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KDE Applications 19.04 To Support eBook Thumbnails, Allow Ripping CDs To Opus

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  • KDE Applications 19.04 To Support eBook Thumbnails, Allow Ripping CDs To Opus

    Phoronix: KDE Applications 19.04 To Support eBook Thumbnails, Allow Ripping CDs To Opus

    With the feature freeze for KDE Applications 19.04 happening next month in order to meet the planned 18 April release date, KDE developers are busy getting their new features ready and reviewed for this next round of application updates...

    http://www.phoronix.com/scan.php?pag...04-CDs-To-Opus

  • #2
    Last time I ripped a CD it shattered into a few sharp pieces and I cut myself.

    Just kidding, it was Dimmu Borgir's self-titled to FLAC. From there, the FLAC became Opus.

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    • #3
      Originally posted by skeevy420 View Post
      Last time I ripped a CD it shattered into a few sharp pieces and I cut myself.

      Just kidding, it was Dimmu Borgir's self-titled to FLAC. From there, the FLAC became Opus.
      What tool do you use? These days, I use whipper, a fork of morituri, which is the closest Linux analogue to Exact Audio Copy, verification-wise.

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      • #4
        Originally posted by ssokolow View Post

        What tool do you use? These days, I use whipper, a fork of morituri, which is the closest Linux analogue to Exact Audio Copy, verification-wise.
        Plain ole K3B. Whipper looks interesting. I'll have to remember to try that the next time I go to rip some audio.

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        • #5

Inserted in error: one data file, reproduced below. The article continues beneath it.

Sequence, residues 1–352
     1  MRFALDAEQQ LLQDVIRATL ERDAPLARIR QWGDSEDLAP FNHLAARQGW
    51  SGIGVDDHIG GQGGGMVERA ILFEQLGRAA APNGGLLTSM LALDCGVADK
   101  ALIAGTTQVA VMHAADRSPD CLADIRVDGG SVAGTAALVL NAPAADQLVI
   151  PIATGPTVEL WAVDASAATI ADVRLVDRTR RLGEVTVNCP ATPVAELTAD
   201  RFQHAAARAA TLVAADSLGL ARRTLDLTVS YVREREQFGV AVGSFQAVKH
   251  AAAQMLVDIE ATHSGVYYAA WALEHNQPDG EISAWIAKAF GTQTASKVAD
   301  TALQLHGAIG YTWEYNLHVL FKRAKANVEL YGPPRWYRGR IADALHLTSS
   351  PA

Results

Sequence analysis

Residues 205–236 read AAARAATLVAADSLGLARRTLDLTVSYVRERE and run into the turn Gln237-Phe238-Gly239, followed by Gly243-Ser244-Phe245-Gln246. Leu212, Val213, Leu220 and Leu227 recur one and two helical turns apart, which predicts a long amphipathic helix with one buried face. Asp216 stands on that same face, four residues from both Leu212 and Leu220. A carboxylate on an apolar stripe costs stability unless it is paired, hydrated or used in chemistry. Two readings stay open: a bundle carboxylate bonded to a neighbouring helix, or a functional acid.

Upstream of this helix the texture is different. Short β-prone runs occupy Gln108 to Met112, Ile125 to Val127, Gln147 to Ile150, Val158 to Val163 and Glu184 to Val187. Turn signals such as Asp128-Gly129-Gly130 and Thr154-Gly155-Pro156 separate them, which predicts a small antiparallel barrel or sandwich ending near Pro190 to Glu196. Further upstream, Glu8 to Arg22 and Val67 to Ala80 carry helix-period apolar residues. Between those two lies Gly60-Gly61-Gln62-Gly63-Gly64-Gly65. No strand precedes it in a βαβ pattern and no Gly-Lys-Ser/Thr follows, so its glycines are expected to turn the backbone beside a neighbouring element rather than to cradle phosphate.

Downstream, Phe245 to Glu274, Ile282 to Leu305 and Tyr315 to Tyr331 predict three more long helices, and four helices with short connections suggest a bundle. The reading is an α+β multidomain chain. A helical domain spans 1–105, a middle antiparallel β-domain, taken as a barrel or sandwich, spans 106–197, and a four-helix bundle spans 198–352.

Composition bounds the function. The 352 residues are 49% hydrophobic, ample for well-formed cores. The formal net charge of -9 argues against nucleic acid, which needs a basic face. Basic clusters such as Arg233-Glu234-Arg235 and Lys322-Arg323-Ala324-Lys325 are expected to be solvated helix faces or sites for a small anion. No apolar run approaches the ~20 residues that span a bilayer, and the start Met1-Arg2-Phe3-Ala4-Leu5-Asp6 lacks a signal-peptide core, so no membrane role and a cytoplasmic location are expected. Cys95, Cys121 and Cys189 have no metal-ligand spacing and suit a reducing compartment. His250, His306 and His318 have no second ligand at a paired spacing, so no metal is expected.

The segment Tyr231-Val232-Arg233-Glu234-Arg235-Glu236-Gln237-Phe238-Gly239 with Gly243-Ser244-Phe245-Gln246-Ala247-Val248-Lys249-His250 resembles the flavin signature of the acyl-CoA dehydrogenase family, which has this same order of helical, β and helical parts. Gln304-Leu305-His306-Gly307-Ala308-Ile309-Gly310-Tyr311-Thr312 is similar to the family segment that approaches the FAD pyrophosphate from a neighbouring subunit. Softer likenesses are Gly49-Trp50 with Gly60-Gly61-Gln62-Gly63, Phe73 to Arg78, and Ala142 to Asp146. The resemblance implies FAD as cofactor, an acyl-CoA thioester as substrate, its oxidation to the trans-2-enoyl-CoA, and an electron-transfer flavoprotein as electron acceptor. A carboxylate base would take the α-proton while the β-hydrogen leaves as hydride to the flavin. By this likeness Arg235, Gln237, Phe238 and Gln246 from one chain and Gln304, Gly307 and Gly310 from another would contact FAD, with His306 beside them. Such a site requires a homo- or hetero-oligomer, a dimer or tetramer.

cdparanoia, it works; you can encode from there with GNU parallel and the flac encoder, add your tags to the FLAC however you choose (maybe you like EasyTag), maybe add loudness information with a R128/BS.1770 scanner, and from there anything you transcode to will be good.

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          • #6
            ripperX

            Anyways, I don't expect opus to significantly beat vorbis (.ogg) at higher bitrates. However it makes a really interesting option for audiobooks. You could rip at 30-50 kbps without completely obliterating music and sound effects like speex does.

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            • #7
              KIO plugin for ripping CDs into OPUS? Meanwhile a 15 year old KIO bug left in the dark https://bugs.kde.org/show_bug.cgi?id=75324, it is 2019 and KDE cannot handle smb:// mount points (and alike) in sane way, on top of that there's 95% performance degradation in transfer speeds in some cases -- that is if you find a KIO aware KApp that can accomplish what you're trying to do. GVFS rules and leaves KDE in the dust in this category.

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              • #8
                Originally posted by microcode View Post
                cdparanoia, it works; you can encode from there with GNU parallel and the flac encoder, add your tags to the FLAC however you choose (maybe you like EasyTag), maybe add loudness information with a R128/BS.1770 scanner, and from there anything you transcode to will be good.
                Whipper sits on top of cdparanoia and adds extra verification, such as:
                • Refusing to rip anything if there's no result on file from running cdparanoia's drive calibration (Normally, cdparanoia just operates on default settings)